distribution and use of Bass Strait LPG.

When in the second half of the 1900's LPG came ashore

in large volumes as an unavoidable part of both oil and gas

streams, Australia lacked, as it still lacks, an energy policy.

Little or nothing was done to plan the incorporation of LPG

into domestic energy consumption and it was exported on a

faut de mieux basis at low prices. It is still being exported

though the price rose as a result of the dramatic lift in

crude oil prices after the historic discontinuity of October

1973. As in so many other sectors of the petroleum economy,

Australia has continued to act as if nothing ever changed.

10

2.0 CHARACTERISTICS OF LPG

2.1 LPG - What is it?

Liquefied petroleum gas, LPG, is a generic term used to

describe propane and butane gases. These gases have two and

three carbon atoms respectively. While gaseous at atmospheric

temperatures and pressures, they can be stored as liquids under

moderate pressures or reduced temperatures.

Generally, hydrocarbon compounds with the greatest number

of carbon atoms have the higher boiling points. Table 2.1 shows

the properties of the common hydrocarbons with up to five carbon

atoms.

Where the carbon atom in a hydrocarbon molecule has its

full complement of hydrogen atoms the hydrocarbon is termed

a "saturate". The saturated LPG components, are propane and

butane. "Unsaturates", with less than the full complement of

hydrogen atoms, include propylene and butylene, which are

sometimes referred to as propene and butene . If the molecular

structure of butane is a straight chain of carbon atoms, it is

termed "normal butane", as opposed to "iso butane", which has a

branched chain.

11

TABLE 2.1

PROPERTIES OF LIGHT HYDROCARBONS

Boiling Point

°C

Vapour Pressure

10 5 N/m2 (1)

Liquid Density

Kg/m3 (2)

Gross Heat

Mj/kg (3)

Methane c h 4 - 161.5 - 300 55.6

Ethane

C2H 6 - 88.6

377 51.9

Ethylene

C2H4 - 10 3.7 - 50.3

Propane

C3H 8 - 42.1 13.1 506 50.4

Propylene C3h6 - 47.7 1 5 . 6 520 49 .0

Butanes

Normal Butane C4H 10 - 0.5 3.6 583 49.5

Iso Butane C4H 10 - 11.7 5.0 561 49.4

Normal

Butylene (-1) C4H8 - 6.5 4.3 6 0 0 48.5

Iso Butylene C4H 8 - 6.9 4.4 599 48.2

Trans

Butylene (-2) C4H 8 + 0.9 3.4 6 0 8 48.3

Cis

Butylene (-2) C4H8 + 3.7 3.1 625 48.4

Pentanes

Normal Pentane C5H12 36.1 1.1 6 2 9 49.1

Iso Pentane C5H12 27.9 1.4 623 48.9

12

TABLE 2.1

(continued)

NOTES:

(1) Vapour pressure at 3 7.8°C (100°F) 5 2 10J Newtons per square metre (Nm ) is approximately one atmosphere.

(2) Liquid density at 15.6°C (60°F) - kilograms per cubic metre

(kg/m3).

(3) Gross heat of combustion at 15.6°C (00°F) to form water

(liquid) and carbon dioxide (gas) - megajoules per kilogram

(Mj/kg).

13

The propanes (C^) and butanes (C .) must be treated sepa­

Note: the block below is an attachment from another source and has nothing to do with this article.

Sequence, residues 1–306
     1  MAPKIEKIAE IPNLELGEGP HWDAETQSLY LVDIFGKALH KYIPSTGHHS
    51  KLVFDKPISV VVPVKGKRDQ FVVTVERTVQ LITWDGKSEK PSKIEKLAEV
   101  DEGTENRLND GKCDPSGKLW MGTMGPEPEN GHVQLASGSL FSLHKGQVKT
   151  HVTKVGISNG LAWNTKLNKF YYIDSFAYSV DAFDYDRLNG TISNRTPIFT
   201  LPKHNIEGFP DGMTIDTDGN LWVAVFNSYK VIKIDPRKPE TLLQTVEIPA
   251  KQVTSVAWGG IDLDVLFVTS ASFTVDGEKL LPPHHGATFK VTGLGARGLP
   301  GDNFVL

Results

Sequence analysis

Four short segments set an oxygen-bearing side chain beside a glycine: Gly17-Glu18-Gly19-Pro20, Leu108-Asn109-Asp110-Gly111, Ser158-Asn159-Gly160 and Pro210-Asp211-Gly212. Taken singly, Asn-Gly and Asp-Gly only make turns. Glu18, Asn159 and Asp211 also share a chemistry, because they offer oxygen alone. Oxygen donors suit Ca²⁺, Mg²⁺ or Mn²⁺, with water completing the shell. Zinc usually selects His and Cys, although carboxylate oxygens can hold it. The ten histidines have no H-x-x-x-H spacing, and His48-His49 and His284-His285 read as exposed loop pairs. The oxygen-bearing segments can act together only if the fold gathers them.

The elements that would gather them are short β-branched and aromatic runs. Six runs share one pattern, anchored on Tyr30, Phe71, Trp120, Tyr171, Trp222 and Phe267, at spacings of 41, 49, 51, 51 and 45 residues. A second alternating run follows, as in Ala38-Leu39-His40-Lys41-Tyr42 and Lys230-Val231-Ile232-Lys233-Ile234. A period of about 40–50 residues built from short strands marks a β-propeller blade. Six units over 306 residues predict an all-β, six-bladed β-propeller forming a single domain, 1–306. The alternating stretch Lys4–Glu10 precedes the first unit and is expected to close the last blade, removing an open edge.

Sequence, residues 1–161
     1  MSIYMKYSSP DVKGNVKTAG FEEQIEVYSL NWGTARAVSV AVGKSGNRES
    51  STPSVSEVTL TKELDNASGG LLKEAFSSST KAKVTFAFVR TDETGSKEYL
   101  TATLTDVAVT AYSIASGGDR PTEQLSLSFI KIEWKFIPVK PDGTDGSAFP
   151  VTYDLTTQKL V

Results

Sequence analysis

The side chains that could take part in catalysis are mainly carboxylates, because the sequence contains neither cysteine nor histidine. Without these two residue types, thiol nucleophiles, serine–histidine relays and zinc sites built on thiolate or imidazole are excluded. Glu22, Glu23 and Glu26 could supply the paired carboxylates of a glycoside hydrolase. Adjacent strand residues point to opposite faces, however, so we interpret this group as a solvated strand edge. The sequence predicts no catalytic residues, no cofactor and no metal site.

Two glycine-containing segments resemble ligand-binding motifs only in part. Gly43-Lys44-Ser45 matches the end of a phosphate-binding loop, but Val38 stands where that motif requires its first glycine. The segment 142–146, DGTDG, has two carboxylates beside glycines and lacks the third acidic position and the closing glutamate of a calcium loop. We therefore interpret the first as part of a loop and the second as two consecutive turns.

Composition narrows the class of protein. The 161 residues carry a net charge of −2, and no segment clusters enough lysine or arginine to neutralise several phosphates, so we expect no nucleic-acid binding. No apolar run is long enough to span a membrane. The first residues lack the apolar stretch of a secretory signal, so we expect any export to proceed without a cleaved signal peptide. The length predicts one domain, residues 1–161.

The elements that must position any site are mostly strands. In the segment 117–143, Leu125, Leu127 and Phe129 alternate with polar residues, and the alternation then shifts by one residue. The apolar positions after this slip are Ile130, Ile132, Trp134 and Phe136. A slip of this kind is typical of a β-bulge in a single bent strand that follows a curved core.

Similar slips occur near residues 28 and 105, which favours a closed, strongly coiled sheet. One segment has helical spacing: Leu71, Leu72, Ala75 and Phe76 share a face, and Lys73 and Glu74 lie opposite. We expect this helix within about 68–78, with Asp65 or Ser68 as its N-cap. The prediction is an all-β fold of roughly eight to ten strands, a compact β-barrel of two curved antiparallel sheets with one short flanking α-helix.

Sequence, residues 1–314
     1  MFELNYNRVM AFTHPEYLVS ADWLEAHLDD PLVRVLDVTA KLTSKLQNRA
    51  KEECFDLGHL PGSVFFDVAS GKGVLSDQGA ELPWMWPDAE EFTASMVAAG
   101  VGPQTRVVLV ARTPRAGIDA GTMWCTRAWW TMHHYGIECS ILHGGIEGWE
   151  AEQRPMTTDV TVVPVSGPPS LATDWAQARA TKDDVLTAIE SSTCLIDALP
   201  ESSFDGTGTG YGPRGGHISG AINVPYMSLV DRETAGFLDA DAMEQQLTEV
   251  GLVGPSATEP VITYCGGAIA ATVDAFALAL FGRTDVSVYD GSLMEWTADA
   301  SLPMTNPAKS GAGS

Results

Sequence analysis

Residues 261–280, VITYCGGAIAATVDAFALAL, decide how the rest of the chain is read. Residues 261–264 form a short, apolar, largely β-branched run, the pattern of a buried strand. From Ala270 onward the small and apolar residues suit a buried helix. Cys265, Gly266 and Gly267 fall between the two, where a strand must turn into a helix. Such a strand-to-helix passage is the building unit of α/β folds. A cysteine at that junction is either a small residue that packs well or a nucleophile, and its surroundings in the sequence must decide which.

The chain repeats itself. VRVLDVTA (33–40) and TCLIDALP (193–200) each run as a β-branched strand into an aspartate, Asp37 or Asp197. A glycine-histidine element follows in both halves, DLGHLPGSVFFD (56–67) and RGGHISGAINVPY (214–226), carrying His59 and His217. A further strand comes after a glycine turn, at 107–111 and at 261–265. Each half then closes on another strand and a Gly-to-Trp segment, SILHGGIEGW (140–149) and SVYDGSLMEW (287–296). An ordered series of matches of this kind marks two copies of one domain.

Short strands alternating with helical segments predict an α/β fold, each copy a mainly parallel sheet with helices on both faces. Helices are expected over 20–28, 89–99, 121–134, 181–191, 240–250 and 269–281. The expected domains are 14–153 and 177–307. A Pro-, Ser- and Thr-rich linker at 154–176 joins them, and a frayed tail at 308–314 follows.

rately. As shown in Table 2.1 their physical and chemical

properties are sufficiently different to require different

handling and make for different end uses. For example, at

atmospheric pressure, commercial propane liquefies at -42°C and

commercial butane at 0°C. Lower temperatures may be required

depending on the presence of impurities or associated com­

ponents . To maintain them in a liquefied state, they must be

kept below these temperatures by refrigeration. Alternatively,

they can be kept under pressure without refrigeration. The

vapour pressures shown in Table 2.1 are indicative of the

pressure required. The design pressures for storage tanks

specified by the Australian Standards are, depending on size,

from 1.55 to 1.9 mega pascals (MPa) for commercial propane and

0.525 to 0.825 MPa for commercial butane.

2.2 Volumetric Characteristics

Commercial propane and butane are normally measured on

a liquid weight basis, that is pounds/tons, kilograms/tonnes,

or less usually barrels, and priced at a rate per tonne. However

they are lighter than other petroleum products and accordingly

the volume of LPG equivalent to a given unit of mass is greater

than the volume of, say, motor spirit equivalent to the same

unit of mass. Thus one tonne of LPG is equivalent to approxi­

mately 1 , 9 1 8 kilolitres, whereas one tonne of motor spirit is

equivalent to approximately 1,359 kilolitres. Consequently LPG requires greater fuel storage space.

2.3 Heat of Combustion

Although the heat of combustion of a kilogram of LPG is

higher than that of a kilogram of motor spirit (49.5 - 50

megajoules per kilo as compared with 4 6 . 8 - 47.5)> the heat of

14

combustion value per kilolitre is less. The heat of combustion

value of propane is 2 5 , 4 0 0 megajoules per kilolitre and of

butane 2 8,000 mega joules per kilolitre as compared with 3 4, 380

to 34, 8 93 mega joules per kilolitre for motor spirit.

Table 2.2 compares the heat of combustion of natural gas,

commercial propane , commercial butane and motor spirit.

TABLE 2.2

GROSS HEAT OF COMBUSTION

Mj /kg Mj/kl Mj/kl

(mass (volumetric volume tric

equivalent) equiva lent equi va lent as liquid) as gas)

Natural gas 46.9 N.A. 38.8

Commercial propane 50 .0 2 5,400 93.3

Commercial butane 49.5 2 8 , 6 0 0 1 2 4 . 0

Motor spirit 47.2 34, 6 0 0 N.A.

2.4 Octane Number

Propane has a research octane number (RON) substantially

higher than premium motor spirit (100+). This characteristic